The extra gadgets don’t appear to have had any negative effect on the ST1000’s performance. It starts up in just over 1.5 seconds, which is very quick, and in single-shot mode it has a shot-to-shot time of two seconds, which is also comfortably above average for a 12MP compact. Unfortunately though that’s as fast as it goes, because the ST1000 has no continuous shooting mode.
The video recording mode is as good as you’ll get from an ultra-compact, with a maximum resolution of 1280 x 720 pixels at 30 frames a second, with mono audio recorded via an internal microphone. In common with most of Samsung’s current camera range the optical zoom can be used while recording, although the zoom motor can be heard on the soundtrack. Video quality is excellent, recording in MPEG-4 H.264 format.
The autofocus system is also very good. The focus point can be selected using the touch screen, or either multi-point or centre-point focusing can be used. Focusing is quick and accurate, and low light performance is excellent. The camera has a good bright AF assist lamp with a range of several metres, and the flash comfortably exceeds its stated 3.3m range.
Surprisingly, considering the number of things it has to power, battery duration is very good. I used the camera over a period of several days, taking over 100 shots with the GPS system constantly active, and the battery charge indicator was still showing two out of three bars. Samsung claims 260 shots on a full charge for the powerful 1150mAh Li-ion cell, and I have no cause to doubt this figure.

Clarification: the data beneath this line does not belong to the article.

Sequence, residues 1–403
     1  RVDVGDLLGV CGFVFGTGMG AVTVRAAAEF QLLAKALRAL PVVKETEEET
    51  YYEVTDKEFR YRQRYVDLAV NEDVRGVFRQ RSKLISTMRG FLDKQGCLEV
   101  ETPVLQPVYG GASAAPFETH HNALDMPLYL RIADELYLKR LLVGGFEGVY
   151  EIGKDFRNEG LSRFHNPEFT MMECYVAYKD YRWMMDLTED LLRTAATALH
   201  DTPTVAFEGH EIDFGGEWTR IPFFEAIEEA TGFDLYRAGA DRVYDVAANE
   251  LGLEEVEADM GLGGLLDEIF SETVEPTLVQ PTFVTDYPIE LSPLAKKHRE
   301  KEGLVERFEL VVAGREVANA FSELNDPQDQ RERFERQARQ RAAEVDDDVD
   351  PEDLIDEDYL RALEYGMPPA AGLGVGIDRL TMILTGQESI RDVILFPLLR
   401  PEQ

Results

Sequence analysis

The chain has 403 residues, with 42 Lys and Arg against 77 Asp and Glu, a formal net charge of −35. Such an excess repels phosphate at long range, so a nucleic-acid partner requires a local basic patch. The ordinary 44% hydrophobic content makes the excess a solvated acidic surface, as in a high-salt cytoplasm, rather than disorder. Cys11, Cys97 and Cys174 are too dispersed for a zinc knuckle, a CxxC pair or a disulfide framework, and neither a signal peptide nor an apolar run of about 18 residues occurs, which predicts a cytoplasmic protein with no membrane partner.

Many Samsung cameras that I’ve tested previously have suffered from inconsistent image quality, but the ST1000 shows that some progress at least has been made in this area. Overall picture quality is very good, with accurate exposure and good colour rendition. The camera has a feature called Auto Contrast Balance which helps to boost shadow detail in high-contrast situations, but like most small-sensor 12MP cameras it is prone to burned-out highlights. Image noise is better than average for a 12MP compact, with usable images at 400 ISO, but as usual the 1600 and 3200 ISO settings are pretty much useless, with greatly reduced detail and colour saturation.
The only image quality problems I could find were the usual corner blurring often associated with periscope-type internal zoom lenses, and slightly inconsistent automatic white balance.
The Samsung ST1000 is a gadget-nerd’s dream, combining many of the features of a modern smartphone with a state-of-the-art ultra-compact digital camera. It is solidly made, performs and handles well and produces good results under a wide range of shooting conditions. It is very expensive though, so unless you really need the WiFi, GPS and touch-screen you can get the same picture quality for a lot less.